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Democrat Stephanie Stahl Hamilton, the sponsor of a repeal bill of the 1864 Arizona abortion law, speaks to reporters during a news conference in Phoenix, on April 17.Liliana Salgado/Reuters

The Arizona Legislature approved a repeal of a long-dormant ban on nearly all abortions Wednesday, sending the bill to Democratic Gov. Katie Hobbs, who is expected to sign it.

Two Republicans joined with Democrats in the Senate on the 16-14 vote in favour of repealing a Civil War-era ban on abortions that the state’s highest court recently allowed to take effect. The ban on all abortions – which provides no exceptions for survivors of rape or incest, and only allows for procedures done to save a patient’s life – would still be active until the fall.

Hobbs said in a statement that she looks forward to quickly signing the repeal, with a ceremony scheduled for Thursday.

“Arizona women should not have to live in a state where politicians make decisions that should be between a woman and her doctor,” Hobbs said. “While this repeal is essential for protecting women’s lives, it is just the beginning of our fight to protect reproductive health care.”

The revival of the 19th century law has put Republicans on the defensive in Arizona, one of a handful of battleground states that will decide the next president.

The Arizona Senate voted on May 1 to repeal the state's 1864 ban on abortion, which could otherwise have taken effect within weeks.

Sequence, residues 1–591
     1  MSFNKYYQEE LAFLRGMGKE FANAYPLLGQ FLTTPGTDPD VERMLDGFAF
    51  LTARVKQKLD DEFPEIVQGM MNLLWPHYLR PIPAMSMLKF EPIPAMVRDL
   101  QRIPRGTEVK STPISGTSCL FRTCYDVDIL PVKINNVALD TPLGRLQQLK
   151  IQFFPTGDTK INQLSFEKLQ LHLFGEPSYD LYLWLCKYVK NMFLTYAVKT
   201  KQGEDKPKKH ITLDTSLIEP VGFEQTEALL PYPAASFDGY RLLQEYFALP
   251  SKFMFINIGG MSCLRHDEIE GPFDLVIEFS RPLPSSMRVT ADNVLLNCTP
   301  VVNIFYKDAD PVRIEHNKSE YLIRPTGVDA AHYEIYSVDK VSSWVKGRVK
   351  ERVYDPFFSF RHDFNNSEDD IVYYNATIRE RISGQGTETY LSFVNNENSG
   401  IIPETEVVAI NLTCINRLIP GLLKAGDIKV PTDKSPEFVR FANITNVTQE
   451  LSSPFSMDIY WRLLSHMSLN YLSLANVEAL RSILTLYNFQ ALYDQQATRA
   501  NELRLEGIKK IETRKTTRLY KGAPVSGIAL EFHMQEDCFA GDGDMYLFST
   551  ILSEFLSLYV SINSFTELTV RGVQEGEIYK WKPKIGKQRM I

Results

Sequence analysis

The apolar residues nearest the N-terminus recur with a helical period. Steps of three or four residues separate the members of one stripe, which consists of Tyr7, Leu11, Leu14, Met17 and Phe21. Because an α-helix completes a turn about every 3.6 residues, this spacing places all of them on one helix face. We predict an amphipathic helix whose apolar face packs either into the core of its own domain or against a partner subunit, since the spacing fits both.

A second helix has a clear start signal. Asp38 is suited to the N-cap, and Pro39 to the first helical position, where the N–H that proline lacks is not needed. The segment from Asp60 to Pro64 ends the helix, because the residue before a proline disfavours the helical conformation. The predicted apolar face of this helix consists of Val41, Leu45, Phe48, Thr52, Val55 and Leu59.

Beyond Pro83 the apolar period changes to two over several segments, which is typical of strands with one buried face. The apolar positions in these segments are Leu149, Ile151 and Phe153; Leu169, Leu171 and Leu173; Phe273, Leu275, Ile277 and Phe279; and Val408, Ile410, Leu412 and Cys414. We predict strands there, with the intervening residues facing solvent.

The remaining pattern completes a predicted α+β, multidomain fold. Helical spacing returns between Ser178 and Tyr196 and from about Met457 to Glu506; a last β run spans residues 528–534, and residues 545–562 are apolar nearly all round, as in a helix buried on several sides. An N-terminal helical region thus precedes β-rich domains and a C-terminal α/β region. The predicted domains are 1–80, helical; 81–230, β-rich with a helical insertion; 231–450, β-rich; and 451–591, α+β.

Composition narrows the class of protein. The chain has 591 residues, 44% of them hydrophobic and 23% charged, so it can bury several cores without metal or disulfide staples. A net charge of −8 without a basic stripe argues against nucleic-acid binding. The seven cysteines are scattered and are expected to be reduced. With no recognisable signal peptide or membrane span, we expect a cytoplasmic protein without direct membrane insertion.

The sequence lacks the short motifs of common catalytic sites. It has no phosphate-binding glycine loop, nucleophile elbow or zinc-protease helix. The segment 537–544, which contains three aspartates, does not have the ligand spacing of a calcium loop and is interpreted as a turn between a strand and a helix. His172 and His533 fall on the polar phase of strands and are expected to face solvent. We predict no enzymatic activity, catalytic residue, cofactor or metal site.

“Across the country, women are living in a state of chaos and cruelty caused by Donald Trump,” Vice President Kamala Harris said in a statement on Wednesday. “While Arizona Democrats have worked to clean up the devastating mess created by Trump and his extremist allies, the state’s existing ban, with no exception for rape or incest, remains in effect.”

If the repeal bill is signed, a 2022 statute banning the procedure after 15 weeks of pregnancy would become Arizona’s prevailing abortion law. Still, there would likely be a period when nearly all abortions would be outlawed, because the repeal won’t take effect until 90 days after the end of the legislative session, likely in June or July.

Within hours after the vote, efforts were already under way to prevent the older abortion ban from taking effect before the repeal becomes a reality.

“Without an emergency clause that would allow the repeal to take effect immediately, the people of Arizona may still be subjected to the near-total abortion ban for a period of time this year,” Arizona state Attorney General Kris Mayes said. “Rest assured, my office is exploring every option available to prevent this outrageous 160-year-old law from ever taking effect.”

Planned Parenthood Arizona announced it filed a motion Wednesday afternoon asking the state Supreme Court to prevent a pause in abortion services until the Legislature’s repeal takes effect.

The near-total ban on abortions predates Arizona’s statehood. In a ruling last month, the Arizona Supreme Court suggested doctors could be prosecuted under the 1864 law, which says that anyone who assists in an abortion can be sentenced to two to five years in prison. Then, last week, the repeal bill narrowly cleared the Arizona House.